Hatching a plan, we set off down the Hill of Despair towards our first check point, which was our final check point from the Saturday. Cogs were turning as we made our way, and before long I asked Chris how much it was worth. 20 points! Is that all? I’m not dragging back up that long slog, let’s go along the lower road and pick up these 10 pointers instead. Just as many points, flatter running. Great!
All-in-all the running was going well. We hit our check points at, or even just before expected, and were feeling strong at the furthest most point with about two hours to go. It was here that we made our final error.
Experience was telling me that we should be heading back, pretty much the fastest way possible. Chris was excited, and had a loop of high value check points firmly in his sights. We sat for a couple of minutes looking at the maps, and against everything I know, I agreed to continue on with Chris. It was easy to get caught up in the enthusiasm; we were running well – it seemed completely feasible.
The mid-day sun was beginning to take its toll though. I’m not good in hot conditions, and there was little to no shade around this part of the course. Running started to slow. Navigation was still pretty good, but a single error, followed by another confusing woodland section compounded matters. Psychologically, I was beginning to feel the strain, but the only way out was onwards.
Dibbing at the penultimate control, home was in sight. We were still shifting reasonable, although I was really starting to feel like throwing up. Chris, being South African, wasn’t bothered by the heat. Damn Northern acclimatisation, it’s usually good for sports like the OMM, but not this time.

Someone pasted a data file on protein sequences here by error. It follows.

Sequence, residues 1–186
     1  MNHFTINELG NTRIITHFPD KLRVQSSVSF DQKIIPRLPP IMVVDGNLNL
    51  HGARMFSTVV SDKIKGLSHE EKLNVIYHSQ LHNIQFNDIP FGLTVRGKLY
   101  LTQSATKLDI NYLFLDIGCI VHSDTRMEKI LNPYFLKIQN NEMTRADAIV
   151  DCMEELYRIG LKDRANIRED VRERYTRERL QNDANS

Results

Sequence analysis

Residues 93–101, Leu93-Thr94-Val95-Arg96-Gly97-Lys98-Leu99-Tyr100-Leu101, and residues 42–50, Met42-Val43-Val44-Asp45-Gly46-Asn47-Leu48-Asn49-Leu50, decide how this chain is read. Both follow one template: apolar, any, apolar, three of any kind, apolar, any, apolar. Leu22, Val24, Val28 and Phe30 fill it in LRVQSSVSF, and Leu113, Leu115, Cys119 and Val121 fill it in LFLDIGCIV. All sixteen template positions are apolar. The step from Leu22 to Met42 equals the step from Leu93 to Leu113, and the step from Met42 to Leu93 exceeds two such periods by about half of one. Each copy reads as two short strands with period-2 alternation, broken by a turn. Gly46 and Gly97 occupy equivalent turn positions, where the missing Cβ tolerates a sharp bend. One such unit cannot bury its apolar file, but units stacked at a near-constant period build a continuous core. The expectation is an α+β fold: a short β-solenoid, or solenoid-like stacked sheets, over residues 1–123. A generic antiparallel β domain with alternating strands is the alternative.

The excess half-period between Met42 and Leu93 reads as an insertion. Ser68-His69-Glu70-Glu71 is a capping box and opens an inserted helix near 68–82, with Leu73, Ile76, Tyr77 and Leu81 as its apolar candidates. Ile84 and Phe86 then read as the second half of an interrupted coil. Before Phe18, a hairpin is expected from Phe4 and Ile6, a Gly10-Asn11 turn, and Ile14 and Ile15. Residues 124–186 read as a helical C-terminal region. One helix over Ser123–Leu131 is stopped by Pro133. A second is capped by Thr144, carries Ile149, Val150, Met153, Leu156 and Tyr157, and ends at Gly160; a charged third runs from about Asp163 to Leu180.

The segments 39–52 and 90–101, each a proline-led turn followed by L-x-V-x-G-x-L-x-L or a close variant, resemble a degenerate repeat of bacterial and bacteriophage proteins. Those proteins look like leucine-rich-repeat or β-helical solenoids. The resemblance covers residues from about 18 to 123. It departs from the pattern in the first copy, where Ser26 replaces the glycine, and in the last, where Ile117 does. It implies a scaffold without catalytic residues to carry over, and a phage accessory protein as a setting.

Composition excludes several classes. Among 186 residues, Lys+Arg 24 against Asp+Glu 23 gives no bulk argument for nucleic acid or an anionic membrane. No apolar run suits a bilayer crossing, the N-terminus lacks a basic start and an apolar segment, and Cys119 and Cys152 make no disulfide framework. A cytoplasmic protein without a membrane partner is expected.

Approaching the final control before home, we arrived to find it being packed away! “It’s after 2 now” we were told. Fair enough, but what about late arrivals like us, and amusingly, another team behind us. The final push began.
I’m pretty sure I whimpered a little when Chris demanded that we pick up the pace again. Oh dear, I’m dying. This is horrible. The team who were behind us peeled away up an obvious track, which, in hindsight we should have used. In my absolute certainty in my navigation, I said we should continue, and pick up a smaller, but more direct track. It never showed. We fortunately came across the next track along, and took it up the merciless hill back to the finish. Finally, we were just outside the camp, and pushing through everything, we trotted back in to finish on 300 points for the day, after a rather hefty fine of 150 points!